Modelling atmospheric vertical coupling: role of gravity wave dissipation in the upper atmosphere.
Doctoral thesis, UCL (University College London).
Recently, an increasing number of modelling and observational studies have looked at the signatures of small-scale waves, such as gravity waves (GWs) of meteorological origin, in the upper atmosphere. General circulation models require an appropriate GW parameterisation to reproduce a realistic global circulation. Existing schemes implemented into GCMs lack a physically proper wave dissipation mechanism above the turbopause. For more self-consistent wave propagation in GCMs, and to estimate their dynamic and energetic importance in the upper atmosphere, it is crucial to account for realistic upper atmospheric dissipation processes. The UCL Coupled Middle Atmosphere-Thermosphere-2 (CMAT2) general circulation model was developed in order to investigate atmospheric vertical coupling. This model is an updated version of its predecessor CMAT. Three GW parameterisations of different characteristics have been implemented into CMAT2. While they all, to some extent, reproduce the necessary mesosphere and lower thermosphere (MLT) dynamics, artificial dissipation above the turbopause is a problem in all these schemes. Therefore, an extended spectral non-linear GW parameterisation, which incorporates more physically realistic GW dissipation, has been developed. Using an offline column model, the sensitivity of GW propagation and dissipation in the thermosphere-ionosphere has been studied. Considerable GW propagation into the upper atmosphere is demonstrated. The associated wave forcing and heating are significant. This new extended scheme has been implemented in CMAT2. Its dynamical effects on the circulation of the upper atmosphere have been investigated. Results demonstrate the importance of GW momentum flux divergence in the thermosphere-ionosphere. The extended scheme improves the model simulations markedly with respect to an empirical model.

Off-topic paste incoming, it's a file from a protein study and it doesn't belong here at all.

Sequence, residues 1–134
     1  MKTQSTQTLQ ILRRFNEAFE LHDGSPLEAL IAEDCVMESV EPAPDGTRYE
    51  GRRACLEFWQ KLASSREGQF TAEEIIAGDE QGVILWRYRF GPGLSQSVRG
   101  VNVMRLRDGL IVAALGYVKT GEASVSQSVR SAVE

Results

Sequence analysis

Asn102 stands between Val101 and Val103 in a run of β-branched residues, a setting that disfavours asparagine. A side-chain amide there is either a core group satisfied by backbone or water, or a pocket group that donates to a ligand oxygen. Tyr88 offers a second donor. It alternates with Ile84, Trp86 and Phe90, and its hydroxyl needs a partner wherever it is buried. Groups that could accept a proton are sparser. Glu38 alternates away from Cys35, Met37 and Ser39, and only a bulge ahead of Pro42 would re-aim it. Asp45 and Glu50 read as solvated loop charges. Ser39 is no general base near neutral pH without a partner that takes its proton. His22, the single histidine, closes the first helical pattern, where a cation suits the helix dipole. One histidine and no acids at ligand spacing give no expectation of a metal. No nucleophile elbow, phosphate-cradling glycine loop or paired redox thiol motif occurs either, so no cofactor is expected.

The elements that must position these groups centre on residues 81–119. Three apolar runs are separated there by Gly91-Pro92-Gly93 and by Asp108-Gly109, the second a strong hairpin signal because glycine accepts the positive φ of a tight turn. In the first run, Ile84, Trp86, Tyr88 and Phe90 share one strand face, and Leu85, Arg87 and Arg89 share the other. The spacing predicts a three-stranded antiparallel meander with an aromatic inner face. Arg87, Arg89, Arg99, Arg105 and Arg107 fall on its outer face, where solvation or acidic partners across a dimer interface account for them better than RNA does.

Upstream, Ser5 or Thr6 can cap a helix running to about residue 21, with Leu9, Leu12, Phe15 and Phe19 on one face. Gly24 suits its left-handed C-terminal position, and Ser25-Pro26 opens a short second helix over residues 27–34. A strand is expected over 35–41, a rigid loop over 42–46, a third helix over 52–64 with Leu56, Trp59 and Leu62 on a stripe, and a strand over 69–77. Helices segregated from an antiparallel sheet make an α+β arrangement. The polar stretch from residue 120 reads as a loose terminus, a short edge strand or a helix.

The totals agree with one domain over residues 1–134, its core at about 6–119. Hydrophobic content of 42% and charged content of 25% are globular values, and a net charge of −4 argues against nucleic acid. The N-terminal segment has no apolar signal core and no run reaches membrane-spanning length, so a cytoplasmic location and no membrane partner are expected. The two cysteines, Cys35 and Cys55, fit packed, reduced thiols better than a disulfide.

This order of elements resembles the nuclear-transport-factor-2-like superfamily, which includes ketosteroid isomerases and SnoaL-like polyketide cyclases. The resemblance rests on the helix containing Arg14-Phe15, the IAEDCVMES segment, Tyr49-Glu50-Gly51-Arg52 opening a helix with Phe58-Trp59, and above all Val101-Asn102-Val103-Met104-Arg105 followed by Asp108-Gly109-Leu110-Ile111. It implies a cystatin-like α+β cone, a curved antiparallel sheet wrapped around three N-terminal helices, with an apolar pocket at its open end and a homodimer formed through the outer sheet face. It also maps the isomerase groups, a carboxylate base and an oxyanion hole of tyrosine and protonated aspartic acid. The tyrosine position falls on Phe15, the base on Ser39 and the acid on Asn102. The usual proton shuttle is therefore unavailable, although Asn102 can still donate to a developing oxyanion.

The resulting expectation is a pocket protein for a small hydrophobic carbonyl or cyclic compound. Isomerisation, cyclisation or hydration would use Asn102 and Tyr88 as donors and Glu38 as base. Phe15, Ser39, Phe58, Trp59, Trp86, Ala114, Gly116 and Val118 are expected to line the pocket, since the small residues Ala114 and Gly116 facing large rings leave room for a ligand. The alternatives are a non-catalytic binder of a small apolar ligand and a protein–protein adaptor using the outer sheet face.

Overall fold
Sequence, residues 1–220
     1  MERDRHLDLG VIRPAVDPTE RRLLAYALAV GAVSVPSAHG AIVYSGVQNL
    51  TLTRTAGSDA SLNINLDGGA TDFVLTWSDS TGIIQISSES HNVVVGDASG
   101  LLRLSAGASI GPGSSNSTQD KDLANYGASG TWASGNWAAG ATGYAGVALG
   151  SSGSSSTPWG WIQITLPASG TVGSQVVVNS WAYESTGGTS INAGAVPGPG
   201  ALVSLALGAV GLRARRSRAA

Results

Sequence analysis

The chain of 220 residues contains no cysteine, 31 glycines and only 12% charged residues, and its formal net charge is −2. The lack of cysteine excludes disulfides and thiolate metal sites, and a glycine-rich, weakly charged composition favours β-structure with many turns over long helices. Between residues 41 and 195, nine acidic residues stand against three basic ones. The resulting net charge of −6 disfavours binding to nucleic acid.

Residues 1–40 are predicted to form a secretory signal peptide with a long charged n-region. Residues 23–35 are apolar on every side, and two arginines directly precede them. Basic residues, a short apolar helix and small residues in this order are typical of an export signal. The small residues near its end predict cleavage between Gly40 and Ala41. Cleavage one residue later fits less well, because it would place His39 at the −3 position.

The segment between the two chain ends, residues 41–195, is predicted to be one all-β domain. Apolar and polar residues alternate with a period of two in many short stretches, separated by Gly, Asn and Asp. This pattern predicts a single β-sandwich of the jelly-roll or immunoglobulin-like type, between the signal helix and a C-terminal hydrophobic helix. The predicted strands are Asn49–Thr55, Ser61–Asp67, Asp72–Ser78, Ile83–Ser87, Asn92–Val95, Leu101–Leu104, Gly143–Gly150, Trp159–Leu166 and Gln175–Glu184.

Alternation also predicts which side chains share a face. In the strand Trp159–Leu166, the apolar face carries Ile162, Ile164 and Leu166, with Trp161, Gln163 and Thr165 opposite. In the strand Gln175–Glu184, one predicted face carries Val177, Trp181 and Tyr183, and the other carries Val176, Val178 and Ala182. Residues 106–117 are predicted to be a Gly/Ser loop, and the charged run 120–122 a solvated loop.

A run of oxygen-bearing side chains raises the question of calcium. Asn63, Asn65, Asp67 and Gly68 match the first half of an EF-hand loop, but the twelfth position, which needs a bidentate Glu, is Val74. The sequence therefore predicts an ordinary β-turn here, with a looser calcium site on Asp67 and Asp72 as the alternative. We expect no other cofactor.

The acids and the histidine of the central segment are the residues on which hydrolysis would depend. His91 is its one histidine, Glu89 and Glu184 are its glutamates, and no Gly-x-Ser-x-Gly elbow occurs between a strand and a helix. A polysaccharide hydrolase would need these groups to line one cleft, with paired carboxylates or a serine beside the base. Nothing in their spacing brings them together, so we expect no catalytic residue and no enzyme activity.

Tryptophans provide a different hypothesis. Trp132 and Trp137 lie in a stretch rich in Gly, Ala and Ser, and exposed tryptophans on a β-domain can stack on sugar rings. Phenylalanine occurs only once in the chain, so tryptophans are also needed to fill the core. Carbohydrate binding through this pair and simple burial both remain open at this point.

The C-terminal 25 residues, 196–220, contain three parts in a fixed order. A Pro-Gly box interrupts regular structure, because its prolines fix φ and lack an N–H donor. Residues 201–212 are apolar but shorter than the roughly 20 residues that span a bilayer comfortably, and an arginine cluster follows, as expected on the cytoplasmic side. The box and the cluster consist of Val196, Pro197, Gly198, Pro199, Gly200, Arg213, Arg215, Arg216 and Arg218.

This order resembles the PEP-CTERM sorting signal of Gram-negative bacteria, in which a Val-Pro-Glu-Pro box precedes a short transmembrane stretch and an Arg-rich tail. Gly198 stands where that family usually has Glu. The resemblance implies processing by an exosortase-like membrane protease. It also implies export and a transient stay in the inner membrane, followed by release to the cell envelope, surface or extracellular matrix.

|Title:||Modelling atmospheric vertical coupling: role of gravity wave dissipation in the upper atmosphere|
|Additional information:||Authorisation for digitisation not received|
|UCL classification:||UCL > School of BEAMS > Faculty of Maths and Physical Sciences > Physics and Astronomy|
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